In this tutorial, I am going to share with you 3 practical examples of how to apply conditional formatting using a checkbox in Excel. You can easily apply these examples in any set of data to perform various task-checking operations. To achieve this task, we will also see some useful features that might come in handy in many other Excel-related tasks.
How to Apply Conditional Formatting Using Checkbox in Excel: 3 Practical Examples
We have taken a concise initial dataset to explain the steps clearly. The dataset has approximately 7 rows and 3 columns. Initially, we are keeping all the cells in General format. For all the datasets, we have 3 unique columns which are Checkbox, Task Name, and Completed. However, we may vary the number of columns later if that is needed. Also, initially, we have inserted the value as FALSE for all the tasks.
1. Adding Strikethrough Formatting
You may format cells in Excel based on certain conditions using Conditional Formatting. Strikethrough formatting, which is a line through the text in a cell, is one style of formatting that might be helpful. This tutorial will teach you how to format Excel cells with strikethrough using checkboxes. You may quickly and simply strike through text in a cell with a single click by adding a checkbox in your Excel worksheet and setting up a conditional formatting rule. This is a practical technique to keep track of work or designate it as finished.
- First, go to the Developer tab and click on the Insert drop-down as in the image below.
- Now, under Form Controls, click on Check Box.
- Consequently, you should see a + symbol on your worksheet.
- Now, click and drag this + symbol on the cell where you want to insert the checkbox.
- As a result, you should get a checkbox with some default text inside.
- Next, delete the default text and copy the checkbox to the other cells below.
- After that, right-click on any of the checkboxes and select Format Control.
- Here, enter the cell reference that you want to link to the checkbox and click OK.
- Now, select the cell that has the name of the task and navigate to the Home tab as in the image below.
- Next, under Conditional Formatting, click on New Rule.
- Then, in the new window, select Use a formula to determine which cells to format and enter the cell reference that you inserted a few steps ago.
- Now, click on Format.
- Here, under the Font tab, check Strikethrough.
- Now, see the preview and click OK.
- Again, confirm the preview and click OK.
- Finally, when you check the checkbox in cell B5, it should strike the value in cell C5.
- Similarly, you can follow the above steps for the other checkboxes.
2. Applying Fill Color Formatting
Excel’s Conditional Formatting feature enables you to format cells based on specific conditions. Fill color, which is a solid color applied to the background of a cell, is one type of formatting that can be employed. In this article, we’ll change cell color if the Checkbox is checked with Conditional Formatting. You may swiftly and easily change the fill color of a cell with a single click by including checkboxes in your worksheet and setting up a conditional formatting rule. This might be a useful technique for emphasizing key information or graphically organizing your data.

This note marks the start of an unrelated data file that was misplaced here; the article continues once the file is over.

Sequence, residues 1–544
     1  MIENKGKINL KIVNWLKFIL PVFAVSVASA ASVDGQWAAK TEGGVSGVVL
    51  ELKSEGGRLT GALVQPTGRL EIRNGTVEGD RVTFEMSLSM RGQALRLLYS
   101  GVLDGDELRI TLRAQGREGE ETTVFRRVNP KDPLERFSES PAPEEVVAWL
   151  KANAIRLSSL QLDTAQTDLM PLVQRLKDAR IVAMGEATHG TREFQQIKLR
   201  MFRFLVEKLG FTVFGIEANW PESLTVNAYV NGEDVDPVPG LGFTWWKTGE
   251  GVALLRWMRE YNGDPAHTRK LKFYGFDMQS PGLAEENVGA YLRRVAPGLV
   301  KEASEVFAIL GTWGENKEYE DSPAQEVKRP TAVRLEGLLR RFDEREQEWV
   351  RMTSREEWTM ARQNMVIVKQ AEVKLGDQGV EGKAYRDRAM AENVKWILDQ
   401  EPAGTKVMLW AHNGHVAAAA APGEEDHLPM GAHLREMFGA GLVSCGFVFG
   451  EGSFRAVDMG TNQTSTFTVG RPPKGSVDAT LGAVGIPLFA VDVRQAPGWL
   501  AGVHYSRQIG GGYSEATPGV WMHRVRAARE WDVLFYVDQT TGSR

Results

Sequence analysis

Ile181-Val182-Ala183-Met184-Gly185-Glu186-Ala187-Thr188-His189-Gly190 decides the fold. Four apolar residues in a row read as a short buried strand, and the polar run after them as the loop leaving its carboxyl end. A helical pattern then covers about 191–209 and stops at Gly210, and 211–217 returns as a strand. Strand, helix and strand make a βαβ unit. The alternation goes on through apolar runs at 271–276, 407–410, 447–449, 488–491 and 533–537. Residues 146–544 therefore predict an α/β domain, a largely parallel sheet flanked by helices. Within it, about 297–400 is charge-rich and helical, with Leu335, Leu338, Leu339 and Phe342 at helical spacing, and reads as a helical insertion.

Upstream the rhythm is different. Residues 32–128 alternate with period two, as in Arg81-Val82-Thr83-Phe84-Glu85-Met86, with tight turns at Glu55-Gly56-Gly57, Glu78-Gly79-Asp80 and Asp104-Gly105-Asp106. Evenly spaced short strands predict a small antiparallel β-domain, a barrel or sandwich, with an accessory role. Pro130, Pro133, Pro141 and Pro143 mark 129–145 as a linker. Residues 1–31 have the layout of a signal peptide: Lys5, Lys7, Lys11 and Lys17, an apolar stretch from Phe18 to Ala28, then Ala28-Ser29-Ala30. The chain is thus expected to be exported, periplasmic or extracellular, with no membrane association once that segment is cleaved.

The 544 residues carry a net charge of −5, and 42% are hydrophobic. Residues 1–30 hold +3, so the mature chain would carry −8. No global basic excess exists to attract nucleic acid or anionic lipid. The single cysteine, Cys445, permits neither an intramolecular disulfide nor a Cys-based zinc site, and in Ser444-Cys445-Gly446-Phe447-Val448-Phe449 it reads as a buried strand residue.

- To begin with, complete the initial steps of method 1.
- Then, in the Format Cells window, go to the Fill tab and select any fill color.
- Here, see the preview color and click OK.
- Finally, click on any of the checkboxes for which you completed a task and it should have a fill color as you selected just above.
3. Implementing Text Greying Formatting
With Excel’s Conditional Formatting, you may format cells in accordance with specific conditions. Making the text in a cell appear lighter or greyed out is one style of formatting that can be useful. We will learn how to use a checkbox in this article to apply text-graying conditional formatting to Excel cells. You may quickly and simply gray out the text in a cell with just the press of a button by including checkboxes in your worksheet and creating a conditional formatting rule. This might help you visually distinguish between activities that have been accomplished and those that have not, or it can help you emphasize or underline key details.
- Firstly, complete the beginning steps of method 1.
- Next, in the Format Cells window, go to the Font tab and select a font color under the Color drop-down as in the image below.
- Then, click OK.
- As a result, if you now click on the checkbox you just formatted, it should grey out the specific task.
Download Practice Workbook
You can download the practice workbook from here.
I hope that you were able to apply the methods that I showed in this tutorial on how to apply Conditional Formatting using a Checkbox in Excel. As you can see, there are quite a few ways to achieve this task. So wisely choose the method that suits your situation best. If you get stuck in any of the steps, I recommend going through them a few times to clear up any confusion. If you have any queries, please let me know in the comments.
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